It all started in May 2017, in the Netherlands, Maastricht, where I joined Vincent during his semester abroad, after finishing my studies. For visa reasons (damn Schengen area), and due to a lack of preparation (forgot to consider visas before leaving), I realized I had to leave Europe. Within 4 days, I decided to accept a job as an au pair in Turkey for 1 month. Vincent and I met again in Montenegro, well, in Serbia, in a very dramatic scene at the airport (yes, I started my trip taking planes without a second thought,  or rather with the usual ”that’s what everyone does”) where we both landed, but did not use the same transportation to finish our journey. We spent our first month in Montenegro volunteering in exchange for food and accomodation (thank you workaway.info) at an eco-camp, Agape Farm Camp. This, is where the first piece of my ”how to travel” puzzle was solved; I discovered… Hitchhiking! 

How is it a solution? No planning, no tourist bus, guaranteed interactions with locals or fellow travelers and the best adventures. More on this here! In short, I fell in love with hitchhiking and decided to try it out! Our first journey? Hitchhiking from Tivat to Durmitor National Park, a 9 hour ride we made in… 9 hours! Adopted. We spent the next few weeks wild camping, hitchhiking and hiking around Montenegro, Bosnia y Herzegovenia and Albania, until we got another wonderful surprise… Sailing!

We had the amazing luck of meeting Gaelle and Leo, a couple from Belgium at Agape Farm camp where we volunteered, and Leo invited us to join him, his father and a few more people on an amazing 3-4 weeks sailing trip across Greek islands to Barcelona. After this awesome experience, we headed for Italy, where my mother and step-father joined us for 2 weeks of comfortable travelling in Rome and South Italy (except for a small incident). However, this turning point led us to appreciate and use even more the third piece of the puzzle… Couchsurfing!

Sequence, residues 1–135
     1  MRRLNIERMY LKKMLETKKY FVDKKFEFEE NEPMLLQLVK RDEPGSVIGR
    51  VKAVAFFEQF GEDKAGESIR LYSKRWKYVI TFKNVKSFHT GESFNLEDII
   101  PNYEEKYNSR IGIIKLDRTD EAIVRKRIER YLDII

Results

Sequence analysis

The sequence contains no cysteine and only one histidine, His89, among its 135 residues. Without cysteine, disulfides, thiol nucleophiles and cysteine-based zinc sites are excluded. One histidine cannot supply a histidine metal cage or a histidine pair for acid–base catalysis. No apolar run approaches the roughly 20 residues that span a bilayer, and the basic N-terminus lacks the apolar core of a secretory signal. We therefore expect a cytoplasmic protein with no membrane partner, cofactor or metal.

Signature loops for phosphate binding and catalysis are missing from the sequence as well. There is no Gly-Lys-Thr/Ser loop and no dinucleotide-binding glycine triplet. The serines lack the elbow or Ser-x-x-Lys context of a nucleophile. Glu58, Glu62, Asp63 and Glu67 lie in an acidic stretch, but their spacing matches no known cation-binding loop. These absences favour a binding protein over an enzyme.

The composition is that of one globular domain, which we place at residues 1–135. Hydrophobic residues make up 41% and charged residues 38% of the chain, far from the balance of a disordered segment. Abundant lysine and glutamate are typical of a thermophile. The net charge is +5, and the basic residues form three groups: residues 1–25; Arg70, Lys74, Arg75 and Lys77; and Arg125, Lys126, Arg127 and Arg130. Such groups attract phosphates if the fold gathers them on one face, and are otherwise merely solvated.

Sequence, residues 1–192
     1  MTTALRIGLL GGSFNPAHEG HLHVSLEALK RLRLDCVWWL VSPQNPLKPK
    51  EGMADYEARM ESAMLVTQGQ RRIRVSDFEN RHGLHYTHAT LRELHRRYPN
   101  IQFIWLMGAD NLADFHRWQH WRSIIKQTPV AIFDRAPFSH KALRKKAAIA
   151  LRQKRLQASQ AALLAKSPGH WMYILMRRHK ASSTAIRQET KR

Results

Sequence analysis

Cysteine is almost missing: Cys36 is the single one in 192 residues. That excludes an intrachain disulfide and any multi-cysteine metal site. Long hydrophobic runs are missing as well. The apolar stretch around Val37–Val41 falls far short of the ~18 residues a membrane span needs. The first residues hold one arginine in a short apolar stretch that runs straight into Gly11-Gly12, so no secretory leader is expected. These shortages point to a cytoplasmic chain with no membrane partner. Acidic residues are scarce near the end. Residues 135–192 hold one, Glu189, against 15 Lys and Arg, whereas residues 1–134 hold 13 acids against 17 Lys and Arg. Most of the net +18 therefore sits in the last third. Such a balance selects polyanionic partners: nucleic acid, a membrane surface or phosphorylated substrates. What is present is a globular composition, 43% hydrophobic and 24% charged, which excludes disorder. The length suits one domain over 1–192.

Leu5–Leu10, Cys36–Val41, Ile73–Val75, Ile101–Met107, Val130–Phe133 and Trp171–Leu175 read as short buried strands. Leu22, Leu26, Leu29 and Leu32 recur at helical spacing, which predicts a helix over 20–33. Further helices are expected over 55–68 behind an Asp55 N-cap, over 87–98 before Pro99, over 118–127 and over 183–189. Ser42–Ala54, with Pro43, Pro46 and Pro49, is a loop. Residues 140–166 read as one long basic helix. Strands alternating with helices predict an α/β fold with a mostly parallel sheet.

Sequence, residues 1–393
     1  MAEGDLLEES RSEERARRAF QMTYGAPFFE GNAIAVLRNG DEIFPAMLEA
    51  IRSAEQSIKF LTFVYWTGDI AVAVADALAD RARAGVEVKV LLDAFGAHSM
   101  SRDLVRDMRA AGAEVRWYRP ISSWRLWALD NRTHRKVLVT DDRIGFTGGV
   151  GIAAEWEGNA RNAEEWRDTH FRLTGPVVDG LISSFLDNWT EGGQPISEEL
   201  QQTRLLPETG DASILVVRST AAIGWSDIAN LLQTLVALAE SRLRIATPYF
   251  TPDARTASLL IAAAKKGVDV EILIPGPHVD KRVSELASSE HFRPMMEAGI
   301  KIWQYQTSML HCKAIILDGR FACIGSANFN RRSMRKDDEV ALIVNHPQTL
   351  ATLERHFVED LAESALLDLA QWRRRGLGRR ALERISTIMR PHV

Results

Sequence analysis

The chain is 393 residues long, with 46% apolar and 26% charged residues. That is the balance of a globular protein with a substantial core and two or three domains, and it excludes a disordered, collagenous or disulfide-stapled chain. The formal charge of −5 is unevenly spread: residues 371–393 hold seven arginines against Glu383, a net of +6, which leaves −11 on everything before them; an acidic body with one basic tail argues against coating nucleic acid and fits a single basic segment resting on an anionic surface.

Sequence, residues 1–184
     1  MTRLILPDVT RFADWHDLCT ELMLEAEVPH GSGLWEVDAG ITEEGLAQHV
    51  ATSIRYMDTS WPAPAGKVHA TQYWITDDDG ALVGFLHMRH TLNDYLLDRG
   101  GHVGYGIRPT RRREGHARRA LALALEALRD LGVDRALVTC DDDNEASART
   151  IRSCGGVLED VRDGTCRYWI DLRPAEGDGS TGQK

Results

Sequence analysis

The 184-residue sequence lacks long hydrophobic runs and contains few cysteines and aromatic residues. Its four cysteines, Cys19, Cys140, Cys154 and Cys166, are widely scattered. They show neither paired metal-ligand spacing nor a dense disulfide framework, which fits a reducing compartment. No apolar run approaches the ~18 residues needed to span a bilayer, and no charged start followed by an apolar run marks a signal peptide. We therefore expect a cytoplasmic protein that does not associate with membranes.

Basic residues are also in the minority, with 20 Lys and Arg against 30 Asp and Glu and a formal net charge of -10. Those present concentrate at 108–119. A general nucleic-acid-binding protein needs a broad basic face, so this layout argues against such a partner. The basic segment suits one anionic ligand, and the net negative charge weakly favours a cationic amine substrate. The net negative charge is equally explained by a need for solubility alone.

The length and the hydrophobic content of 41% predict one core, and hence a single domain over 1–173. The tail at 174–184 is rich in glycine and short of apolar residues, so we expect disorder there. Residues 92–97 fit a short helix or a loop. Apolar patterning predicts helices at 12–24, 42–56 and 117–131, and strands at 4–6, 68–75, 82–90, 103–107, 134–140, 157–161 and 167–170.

Whether it’s official (through the website) or informal (connections, or meeting people in the street), losing our tent and camping equipment right in the beginning of winter pushed us to find shelter another way: in people’s homes. Although I still miss the amazing tent and camping is incredible, being received in a home has one major advantage: the people. Like hitchhiking, this allowed us to always have interesting exchanges with people from everywhere, learn so much more about the culture and left us with a sense of home and friends, everywhere.

So, after a month and a half of volunteering in an oasis in the beautiful italian mountains of Seborga and getting ourselves back on our feet, we hit the road again, crossing to France to visit friends in Marseille and hitchhiking through Spain to reach Morocco (pictures here), where I spent the best 3 months of my trip, so far.

As the temparature was rising and the little cash I had disappearing, I flew to Italy (yep, after a year of plane-less travel, I made an exception, I’ll explain it later) to work as au pair in Pisa for 2 months, starting a new page of my journey: travelling solo as a woman.

[Travelling as a privileged white, cis, able, educated woman with passport and pretty privileges]

After Pisa, I train-hopped (actually black riding, as I was in the trains) to Verona and Noli to visit friends I met in Maastricht, and to L’Orto in Giardino-Seborga, where I stayed last November-December. I started hitchhiking solo across France, stopping in the idyllic Valensole and Paris to meet with my cousin, the hitched all the way to England, through the Eurotunnel (only in a day!). After a day in Ashford, I finished my journey crossing England from East to West to reach Cornwall, where I ended up spending 1 month and a half living at the amazing Newlina eco-gardens (follow the links for more information here, here to support them, or here to read an article written about them) -and if you’re in Cornwall (lucky one!) go see them!

Unfortunately, a family emergency forced me to rush back home in September, and I decided to take a plane as, again, the emotional and psychological impact of doing it seemed to outweigh my weight on the plane and I decided that I will have plenty of time to compensate that environmental impact. As I’ve mentionned, it’s not about perfection, but cultivating awareness and critical thinking as guides on the path of ethical travelling -and living.